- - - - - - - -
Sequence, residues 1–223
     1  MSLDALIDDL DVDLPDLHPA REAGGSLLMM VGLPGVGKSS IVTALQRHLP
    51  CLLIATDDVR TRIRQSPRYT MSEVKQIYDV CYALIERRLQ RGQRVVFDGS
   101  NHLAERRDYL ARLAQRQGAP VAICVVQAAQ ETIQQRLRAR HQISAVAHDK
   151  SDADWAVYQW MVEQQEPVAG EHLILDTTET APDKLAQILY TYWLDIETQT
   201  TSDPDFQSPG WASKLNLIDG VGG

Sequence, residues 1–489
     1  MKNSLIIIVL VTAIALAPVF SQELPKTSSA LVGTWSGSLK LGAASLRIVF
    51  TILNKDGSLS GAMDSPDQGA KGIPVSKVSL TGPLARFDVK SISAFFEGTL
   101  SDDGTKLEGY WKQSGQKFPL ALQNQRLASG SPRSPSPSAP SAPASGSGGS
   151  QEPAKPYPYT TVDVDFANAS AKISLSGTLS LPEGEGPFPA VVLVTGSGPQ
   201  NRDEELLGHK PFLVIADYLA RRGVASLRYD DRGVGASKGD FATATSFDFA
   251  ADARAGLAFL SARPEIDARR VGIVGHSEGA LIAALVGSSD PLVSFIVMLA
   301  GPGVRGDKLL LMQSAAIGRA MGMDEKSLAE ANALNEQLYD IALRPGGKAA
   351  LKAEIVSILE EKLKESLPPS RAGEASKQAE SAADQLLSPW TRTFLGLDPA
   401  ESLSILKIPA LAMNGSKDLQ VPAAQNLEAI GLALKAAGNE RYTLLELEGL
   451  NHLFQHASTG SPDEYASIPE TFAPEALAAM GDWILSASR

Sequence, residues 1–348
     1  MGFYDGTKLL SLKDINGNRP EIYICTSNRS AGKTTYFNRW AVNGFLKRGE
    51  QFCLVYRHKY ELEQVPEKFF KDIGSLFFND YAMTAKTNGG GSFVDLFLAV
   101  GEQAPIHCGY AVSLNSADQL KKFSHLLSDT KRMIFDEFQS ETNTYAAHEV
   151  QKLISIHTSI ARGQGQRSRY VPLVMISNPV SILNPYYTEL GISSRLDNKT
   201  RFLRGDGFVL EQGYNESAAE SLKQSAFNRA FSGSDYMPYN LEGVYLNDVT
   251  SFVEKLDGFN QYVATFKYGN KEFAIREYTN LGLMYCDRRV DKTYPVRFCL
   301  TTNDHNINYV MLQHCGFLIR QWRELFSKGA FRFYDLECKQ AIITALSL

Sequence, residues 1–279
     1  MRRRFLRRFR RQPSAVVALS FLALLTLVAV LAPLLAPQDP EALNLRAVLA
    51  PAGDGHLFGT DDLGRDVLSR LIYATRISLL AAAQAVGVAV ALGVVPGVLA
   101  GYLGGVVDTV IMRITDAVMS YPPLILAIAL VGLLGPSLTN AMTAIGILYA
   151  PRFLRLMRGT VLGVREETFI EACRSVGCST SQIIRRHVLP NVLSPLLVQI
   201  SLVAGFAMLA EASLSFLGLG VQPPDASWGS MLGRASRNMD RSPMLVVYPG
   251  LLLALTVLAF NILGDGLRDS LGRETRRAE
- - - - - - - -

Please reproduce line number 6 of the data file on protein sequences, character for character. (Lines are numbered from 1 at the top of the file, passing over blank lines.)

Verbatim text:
   201  TSDPDFQSPG WASKLNLIDG VGG